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How do I gracefully quit this job?
December 3, 2007 3:48 PM   Subscribe

I need help with formatting a resignation letter. It's a bit complicated.

I work for a major medication corporation as an IT geek. I've been working here for a few months, after graduating from school this past year. It's a good job with a good pay, far higher than other companies offered me, but it's almost time for me to leave.

I've always wanted to have my own business, and I've finally hit upon an opportunity that I've grabbed that will let me make about 2/3 of what I'm making now, with only 1/2 of the work (officially). Unofficially, I'll be working a few hours a week, and the rest will be free for me. It's an IT contract with an old client of mine, and very lucrative and an awesome opportunity. Between that, my other IT work and a writing business that I'm starting to be overwhelmed with work in, I'm finally in a position to quit my job and make as much and more money than I'm making working my current 8-5.

So, Hive Mind, tell me, how do I write a letter to these nice people who gave me this job? It was a real blessing, and I would have been out on the street if not for it. But I'm through with it. I want my last day to be on or close to January 1st, and I want to draft a letter to give to them in a couple of weeks to prepare for that date. My trouble is that I've only worked here for a few months, we're going through performance reviews/next year's goals and I do, to tell the truth, feel a little bit bad for being here for such a short time and then leaving. But it is a big place, and though the IT department doesn't have a huge turnover, the place as a whole does, I'm sure.

What do I say? Do I tell them thank you for the job? Do I tell them about my businesses? Do I ask them to keep me in mind if they have any contract work they need done? This is my first *real* job, and my first resignation letter I'll be writing, so any help would be greatly appreciated.

(Note: Please don't suggest I stay here any longer. I really hate working for a company, I can't stand working under unnatural light and looking at a grey cube all day and I've worked my arse off the past few months every spare moment I've had to make myself opportunities to get out of here, and I'm not staying any longer than I have to. I *love* working for myself and I'm so excited about doing it. I just need help figuring out how to write a resignation with these slightly odd circumstances in mind.)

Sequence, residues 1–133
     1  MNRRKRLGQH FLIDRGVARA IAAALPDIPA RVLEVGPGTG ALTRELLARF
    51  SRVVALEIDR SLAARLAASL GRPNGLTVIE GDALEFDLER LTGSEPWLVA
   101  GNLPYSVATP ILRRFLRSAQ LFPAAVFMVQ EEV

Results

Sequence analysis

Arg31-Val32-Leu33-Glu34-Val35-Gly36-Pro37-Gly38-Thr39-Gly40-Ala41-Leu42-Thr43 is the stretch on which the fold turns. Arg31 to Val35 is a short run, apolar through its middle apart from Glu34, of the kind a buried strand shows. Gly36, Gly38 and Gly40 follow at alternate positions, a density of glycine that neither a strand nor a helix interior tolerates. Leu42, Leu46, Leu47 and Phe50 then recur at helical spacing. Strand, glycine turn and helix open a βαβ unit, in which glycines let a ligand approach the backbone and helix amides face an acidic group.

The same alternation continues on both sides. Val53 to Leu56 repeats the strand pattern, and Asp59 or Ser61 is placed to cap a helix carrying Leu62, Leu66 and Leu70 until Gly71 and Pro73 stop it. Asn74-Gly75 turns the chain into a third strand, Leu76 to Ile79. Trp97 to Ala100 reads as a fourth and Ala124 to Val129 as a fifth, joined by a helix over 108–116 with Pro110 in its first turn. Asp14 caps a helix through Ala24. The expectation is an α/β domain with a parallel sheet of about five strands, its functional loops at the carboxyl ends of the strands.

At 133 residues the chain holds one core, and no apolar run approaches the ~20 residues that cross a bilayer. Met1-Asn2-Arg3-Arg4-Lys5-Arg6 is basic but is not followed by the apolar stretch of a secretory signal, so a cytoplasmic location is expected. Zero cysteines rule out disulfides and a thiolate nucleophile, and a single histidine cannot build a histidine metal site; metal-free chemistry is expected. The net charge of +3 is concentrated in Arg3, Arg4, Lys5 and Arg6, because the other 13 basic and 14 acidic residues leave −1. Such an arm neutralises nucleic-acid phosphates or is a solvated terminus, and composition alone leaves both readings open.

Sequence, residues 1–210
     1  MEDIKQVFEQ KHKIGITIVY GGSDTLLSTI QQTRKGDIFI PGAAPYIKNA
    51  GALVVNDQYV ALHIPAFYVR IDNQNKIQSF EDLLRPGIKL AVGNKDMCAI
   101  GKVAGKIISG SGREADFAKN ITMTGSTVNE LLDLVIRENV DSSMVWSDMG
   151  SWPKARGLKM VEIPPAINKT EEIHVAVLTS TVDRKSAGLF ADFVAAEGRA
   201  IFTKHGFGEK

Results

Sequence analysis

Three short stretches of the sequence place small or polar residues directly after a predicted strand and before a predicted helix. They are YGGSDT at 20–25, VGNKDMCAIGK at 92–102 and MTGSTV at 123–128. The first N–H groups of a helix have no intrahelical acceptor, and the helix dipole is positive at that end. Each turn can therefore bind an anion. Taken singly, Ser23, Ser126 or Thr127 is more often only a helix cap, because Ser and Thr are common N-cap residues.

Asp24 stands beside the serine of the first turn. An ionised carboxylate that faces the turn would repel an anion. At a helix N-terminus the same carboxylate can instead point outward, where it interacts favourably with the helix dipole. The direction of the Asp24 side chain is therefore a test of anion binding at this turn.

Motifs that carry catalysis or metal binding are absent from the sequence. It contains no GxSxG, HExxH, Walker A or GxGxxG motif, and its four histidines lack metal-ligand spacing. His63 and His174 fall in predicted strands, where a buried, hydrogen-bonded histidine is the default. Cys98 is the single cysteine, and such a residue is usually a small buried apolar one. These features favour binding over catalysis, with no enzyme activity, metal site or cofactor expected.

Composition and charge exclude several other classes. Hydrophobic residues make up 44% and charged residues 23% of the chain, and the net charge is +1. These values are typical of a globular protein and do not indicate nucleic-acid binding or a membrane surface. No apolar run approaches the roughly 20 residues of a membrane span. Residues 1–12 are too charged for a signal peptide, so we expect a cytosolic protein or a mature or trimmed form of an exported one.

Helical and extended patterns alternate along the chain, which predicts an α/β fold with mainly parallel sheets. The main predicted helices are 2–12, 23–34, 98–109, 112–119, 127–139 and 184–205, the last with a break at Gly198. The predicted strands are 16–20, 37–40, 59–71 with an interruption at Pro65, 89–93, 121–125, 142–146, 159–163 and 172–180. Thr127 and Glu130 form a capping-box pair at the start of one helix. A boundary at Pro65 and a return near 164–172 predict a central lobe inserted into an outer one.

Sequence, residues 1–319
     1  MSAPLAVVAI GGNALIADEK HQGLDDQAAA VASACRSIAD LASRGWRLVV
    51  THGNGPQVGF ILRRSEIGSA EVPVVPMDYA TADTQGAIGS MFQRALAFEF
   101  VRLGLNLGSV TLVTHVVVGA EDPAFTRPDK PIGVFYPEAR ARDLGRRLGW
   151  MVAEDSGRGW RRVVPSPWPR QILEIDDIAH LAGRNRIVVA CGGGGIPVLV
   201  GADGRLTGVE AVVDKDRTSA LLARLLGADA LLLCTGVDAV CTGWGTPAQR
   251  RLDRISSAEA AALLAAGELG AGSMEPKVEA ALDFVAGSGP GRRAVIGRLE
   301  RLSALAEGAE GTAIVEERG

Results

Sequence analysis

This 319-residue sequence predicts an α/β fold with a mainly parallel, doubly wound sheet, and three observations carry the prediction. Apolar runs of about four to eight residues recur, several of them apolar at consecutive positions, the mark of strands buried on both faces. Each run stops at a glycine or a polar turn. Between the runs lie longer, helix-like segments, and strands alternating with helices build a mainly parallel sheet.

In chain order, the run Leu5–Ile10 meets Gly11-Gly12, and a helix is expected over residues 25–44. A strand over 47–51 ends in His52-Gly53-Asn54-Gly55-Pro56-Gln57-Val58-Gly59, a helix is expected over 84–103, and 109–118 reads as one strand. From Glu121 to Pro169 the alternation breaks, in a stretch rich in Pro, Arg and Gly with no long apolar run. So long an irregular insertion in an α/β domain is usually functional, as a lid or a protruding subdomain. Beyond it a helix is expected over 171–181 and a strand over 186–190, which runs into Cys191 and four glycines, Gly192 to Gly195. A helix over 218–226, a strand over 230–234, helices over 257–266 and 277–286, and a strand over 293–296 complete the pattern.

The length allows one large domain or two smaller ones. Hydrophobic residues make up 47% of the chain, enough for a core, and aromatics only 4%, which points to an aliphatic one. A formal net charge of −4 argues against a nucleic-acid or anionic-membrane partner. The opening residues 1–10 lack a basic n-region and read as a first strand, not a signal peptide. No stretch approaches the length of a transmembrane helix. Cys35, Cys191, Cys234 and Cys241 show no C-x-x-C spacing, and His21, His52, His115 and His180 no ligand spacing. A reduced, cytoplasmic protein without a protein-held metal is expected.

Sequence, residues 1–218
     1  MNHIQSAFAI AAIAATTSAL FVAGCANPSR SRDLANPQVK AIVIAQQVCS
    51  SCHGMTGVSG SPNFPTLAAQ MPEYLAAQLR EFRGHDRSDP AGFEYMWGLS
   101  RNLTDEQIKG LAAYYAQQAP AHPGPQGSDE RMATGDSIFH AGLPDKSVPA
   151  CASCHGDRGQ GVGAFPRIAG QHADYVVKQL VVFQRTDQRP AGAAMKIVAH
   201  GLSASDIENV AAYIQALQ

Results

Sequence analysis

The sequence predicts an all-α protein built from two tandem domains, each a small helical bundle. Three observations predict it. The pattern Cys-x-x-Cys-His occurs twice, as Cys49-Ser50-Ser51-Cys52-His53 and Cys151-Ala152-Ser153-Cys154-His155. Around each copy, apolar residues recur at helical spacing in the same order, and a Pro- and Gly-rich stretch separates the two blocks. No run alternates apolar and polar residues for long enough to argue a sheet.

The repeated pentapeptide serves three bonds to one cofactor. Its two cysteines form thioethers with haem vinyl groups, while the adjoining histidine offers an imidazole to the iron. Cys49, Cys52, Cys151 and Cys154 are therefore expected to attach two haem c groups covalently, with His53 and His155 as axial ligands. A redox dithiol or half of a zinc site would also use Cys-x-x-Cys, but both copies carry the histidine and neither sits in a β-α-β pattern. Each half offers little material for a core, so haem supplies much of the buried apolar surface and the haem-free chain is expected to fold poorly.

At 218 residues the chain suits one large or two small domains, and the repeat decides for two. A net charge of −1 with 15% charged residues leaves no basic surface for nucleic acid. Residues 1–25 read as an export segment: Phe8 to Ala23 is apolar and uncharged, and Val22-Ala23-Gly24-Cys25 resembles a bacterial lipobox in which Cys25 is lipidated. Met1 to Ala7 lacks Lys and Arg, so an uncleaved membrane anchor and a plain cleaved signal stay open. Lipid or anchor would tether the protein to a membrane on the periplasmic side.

posted by anonymous to Work & Money (17 answers total) 2 users marked this as a favorite
 
Give them as much notice as possible, explain you have an unanticipated opportunity you can't pass on (they really don't care about the details). Thank them for the chance to work for them.

If you are really interested in working for them in the future, let them know.

Don't over-think this...
posted by HuronBob at 3:58 PM on December 3, 2007


If you like your boss, tell them in person. Thank them. Etc., etc. But there's no need to put it in writing.

Your official resignation letter should say as little as possible.

"
[DATE]
[BOSS'S NAME]:
I, [YOUR NAME], resign from my position as [JOB TITLE], effective January 1st, 2008.

--Your Name

cc: [YOUR HR REP]"

And actually give a copy to your HR rep as well.
posted by Gucky at 3:58 PM on December 3, 2007 [1 favorite]


If it was me, I would tell my line manager in person, and treat the resignation letter as a quaint formality. Then, just pull it out of the nearest "career advice" book.
posted by Leon at 3:58 PM on December 3, 2007


Tell them that you appreciate the opportunity to work with them, and that you have enjoyed the time you've spent with them. That's all you really need to say to them (other than your last day of work will be Jan 1st).

You did work for them. They paid you. It's a business transaction. Don't get emotional about it. You don't "owe" them anything.
posted by Rabulah at 4:00 PM on December 3, 2007 [1 favorite]


Gucky is right. By all means discuss this with your manager and colleagues, but the actually letter should say as little as possible, as formally as possible.